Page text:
As is shown in FIG. 1, while stowed in mandrel 99, stabilizer 11 is collapsed. When disposed in mandrel 99, stabilizer 11 is collapsed, arms 21, 23, 25 and 27 are pivoted to be adjacent and parallel to line 13, arbor 55 is drawn up to the extent permitted by upper gland 83, which prevents damage to stabilizer 11 while stowed, and fins 47, 49, 51 and 53 and vertical stabilizer 17 are folded and wound about line 13. The distal ends of arms 21, 23, 25 and 27 and the lower end of arbor 55 can be configured so that one engages the other for more secure stowage, for reduction of possible damage to the stabilizer, and to conserve space. The various fins 47, 49, 51 and 53 and vertical stabilizer 17 are wound separately about arbor 55, or folded arms 21, 23, 25 and 27, respectively.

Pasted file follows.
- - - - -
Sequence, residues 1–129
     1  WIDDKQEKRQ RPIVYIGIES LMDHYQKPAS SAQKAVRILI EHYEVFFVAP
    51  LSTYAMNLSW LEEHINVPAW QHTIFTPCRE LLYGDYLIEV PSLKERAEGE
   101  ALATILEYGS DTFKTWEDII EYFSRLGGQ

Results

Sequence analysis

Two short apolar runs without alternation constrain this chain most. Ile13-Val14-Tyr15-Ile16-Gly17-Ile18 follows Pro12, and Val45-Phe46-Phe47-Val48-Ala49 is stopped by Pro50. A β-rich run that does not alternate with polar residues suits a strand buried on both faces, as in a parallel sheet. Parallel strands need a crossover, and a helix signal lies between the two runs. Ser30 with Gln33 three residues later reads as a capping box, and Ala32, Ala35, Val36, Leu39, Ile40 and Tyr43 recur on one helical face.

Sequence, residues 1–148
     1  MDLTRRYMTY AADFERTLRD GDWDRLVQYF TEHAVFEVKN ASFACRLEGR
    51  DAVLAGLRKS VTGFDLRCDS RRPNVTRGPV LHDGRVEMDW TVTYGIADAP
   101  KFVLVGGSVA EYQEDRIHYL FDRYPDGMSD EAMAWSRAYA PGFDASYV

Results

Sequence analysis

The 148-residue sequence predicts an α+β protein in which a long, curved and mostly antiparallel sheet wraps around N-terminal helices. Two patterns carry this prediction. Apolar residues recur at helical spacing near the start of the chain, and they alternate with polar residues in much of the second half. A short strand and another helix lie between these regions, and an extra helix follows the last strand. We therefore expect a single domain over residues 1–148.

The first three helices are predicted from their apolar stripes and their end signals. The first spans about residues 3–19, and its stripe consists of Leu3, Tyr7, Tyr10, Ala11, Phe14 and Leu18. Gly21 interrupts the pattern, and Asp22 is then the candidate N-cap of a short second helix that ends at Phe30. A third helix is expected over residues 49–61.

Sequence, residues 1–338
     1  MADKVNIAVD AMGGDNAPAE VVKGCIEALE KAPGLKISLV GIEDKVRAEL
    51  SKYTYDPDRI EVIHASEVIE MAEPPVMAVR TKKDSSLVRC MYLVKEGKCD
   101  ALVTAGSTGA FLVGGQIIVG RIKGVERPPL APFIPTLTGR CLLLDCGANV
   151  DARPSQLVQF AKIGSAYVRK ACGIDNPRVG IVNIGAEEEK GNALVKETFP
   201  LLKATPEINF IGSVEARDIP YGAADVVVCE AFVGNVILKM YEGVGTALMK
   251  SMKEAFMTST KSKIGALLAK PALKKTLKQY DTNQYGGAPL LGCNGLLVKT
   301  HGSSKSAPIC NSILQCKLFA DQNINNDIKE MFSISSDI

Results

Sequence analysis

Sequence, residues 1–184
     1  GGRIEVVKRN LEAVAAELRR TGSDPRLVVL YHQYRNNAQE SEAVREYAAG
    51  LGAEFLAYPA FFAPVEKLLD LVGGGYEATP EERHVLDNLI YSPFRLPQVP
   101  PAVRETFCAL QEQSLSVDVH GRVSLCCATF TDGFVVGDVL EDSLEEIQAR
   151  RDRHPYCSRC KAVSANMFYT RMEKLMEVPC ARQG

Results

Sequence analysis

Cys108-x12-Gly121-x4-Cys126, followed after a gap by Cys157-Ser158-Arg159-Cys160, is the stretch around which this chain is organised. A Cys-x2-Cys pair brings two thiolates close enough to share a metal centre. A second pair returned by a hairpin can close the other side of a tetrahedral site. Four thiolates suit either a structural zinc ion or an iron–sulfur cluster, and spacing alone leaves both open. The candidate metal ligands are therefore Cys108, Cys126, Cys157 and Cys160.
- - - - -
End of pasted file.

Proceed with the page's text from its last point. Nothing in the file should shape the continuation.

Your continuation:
Deployment and locking of stabilizer 11 can be accomplished utilizing the weight of the device 25 whose motion is to be damped. After the sonobuoy housing 15 is launched or dropped and enters the water, the weight 119 on the lower end of the housing causes the housing to descend in the water, taking with it stabilizer 11, mandrel 99 and hydrophone 75. Meanwhile, water contact can trigger inflation of float 121. Float 121 can be inflated with pressurized carbon dioxide or other gas. As housing 15 sinks, a portion of line 13 pays off of mandrel 99 since the upper end of the line is fastened to electronics pack 117 which is supported by float 121. The length of the portion of line 13 wound about mandrel 99 can maintain the intended operating depth of hydrophone 75, and can for example be 1000 feet long. The end of this wound length of line 13 is attached to the upper end of mandrel 99 nearest pack 117. Accordingly, when all of the wound portion of line 13 have been wound off of mandrel 99, housing 15 will continue to sink in the water and will fall away from mandrel 99 and housing 73 which are supported by line 13. When payout of line 13 from mandrel 99 is complete and casing 15 should separate from mandrel 99 and housing 73, if air is present between stabilizer body 37 and casing 15, then a pressure differential between the water outside the casing and the air within the casing may be present which can restrict relative movement of body 37 and casing 15. Accordingly, flange 103 can be provided with a plurality of holes 123 which are uncovered by payout of line 13 from mandrel 99, and body 37 can be provided with a plurality of holes 125 between arms 21, 23, 25 and 27, so that water can replace air in the space between body 37 and casing 15 for an easier separation thereof. Mandrel 99 is now fastened to line 13 and housing 73 is connected to mandrel 99 by retainers 105 and 107. Retainers or dips 105 and 107 are each pivotably connected, for example at an angle of 90°, to flange 103 with freedom of movement only in the vertical plane they preferably share with the longitudinal axis of mandrel 99. Each retainer 105 and 107 is preferably provided with a 45° bend towards its end distant from flange 103. While flange 103 is disposed within casing 15, casing 15 abuts and maintains retainers 105 and 107 in respective slots 109 and 111 and respective grooves 113 and 115 to maintain a connection between mandrel 99 and body 37. Thus, once casing 15 slides away from retainers 105 and 107, the weight of thus-freed hydrophone 75 causes body 37, housing 73 and hydrophone 75 to fall away from flange 103, and the 45° rather than for example 90° bend in the retainers permits respective grooves 113 and 115 to exert a cam force on the respective retainers initially disposed therein and urge them away from body 37 and housing 73, so that the body and housing can then fall away from mandrel 99. For easier release, retainers 105 and 107 can each be encased in a plastic sleeve or sleeve of solid lubricant. Accordingly, when housing 15 falls away, retainers 105 and 107 are permitted to release housing 73, so that the weight of hydrophone 75 pulls housing 73 away from mandrel 99, thereby also pulling stowed stabilizer 11 out of mandrel 99, as is shown in FIG. 4.